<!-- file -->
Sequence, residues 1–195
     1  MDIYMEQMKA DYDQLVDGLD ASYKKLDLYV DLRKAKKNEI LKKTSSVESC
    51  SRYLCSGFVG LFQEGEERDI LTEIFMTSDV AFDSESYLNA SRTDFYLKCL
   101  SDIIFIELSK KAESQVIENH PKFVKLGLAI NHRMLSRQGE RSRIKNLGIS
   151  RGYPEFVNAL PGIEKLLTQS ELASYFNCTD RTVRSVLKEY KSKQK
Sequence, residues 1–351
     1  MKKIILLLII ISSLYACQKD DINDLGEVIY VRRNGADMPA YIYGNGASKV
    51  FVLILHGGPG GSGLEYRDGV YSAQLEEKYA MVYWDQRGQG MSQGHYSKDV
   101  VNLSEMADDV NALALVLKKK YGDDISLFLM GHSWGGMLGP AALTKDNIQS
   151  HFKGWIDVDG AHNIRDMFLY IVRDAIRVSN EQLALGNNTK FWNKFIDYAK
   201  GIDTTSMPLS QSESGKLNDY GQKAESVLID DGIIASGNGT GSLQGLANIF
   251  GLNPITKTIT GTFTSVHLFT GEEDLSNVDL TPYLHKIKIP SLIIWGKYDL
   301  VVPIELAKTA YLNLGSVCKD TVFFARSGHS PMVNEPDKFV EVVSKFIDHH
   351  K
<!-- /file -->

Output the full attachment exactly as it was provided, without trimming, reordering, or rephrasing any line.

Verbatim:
Sequence, residues 1–195
     1  MDIYMEQMKA DYDQLVDGLD ASYKKLDLYV DLRKAKKNEI LKKTSSVESC
    51  SRYLCSGFVG LFQEGEERDI LTEIFMTSDV AFDSESYLNA SRTDFYLKCL
   101  SDIIFIELSK KAESQVIENH PKFVKLGLAI NHRMLSRQGE RSRIKNLGIS
   151  RGYPEFVNAL PGIEKLLTQS ELASYFNCTD RTVRSVLKEY KSKQK
Sequence, residues 1–351
     1  MKKIILLLII ISSLYACQKD DINDLGEVIY VRRNGADMPA YIYGNGASKV
    51  FVLILHGGPG GSGLEYRDGV YSAQLEEKYA MVYWDQRGQG MSQGHYSKDV
   101  VNLSEMADDV NALALVLKKK YGDDISLFLM GHSWGGMLGP AALTKDNIQS
   151  HFKGWIDVDG AHNIRDMFLY IVRDAIRVSN EQLALGNNTK FWNKFIDYAK
   201  GIDTTSMPLS QSESGKLNDY GQKAESVLID DGIIASGNGT GSLQGLANIF
   251  GLNPITKTIT GTFTSVHLFT GEEDLSNVDL TPYLHKIKIP SLIIWGKYDL
   301  VVPIELAKTA YLNLGSVCKD TVFFARSGHS PMVNEPDKFV EVVSKFIDHH
   351  K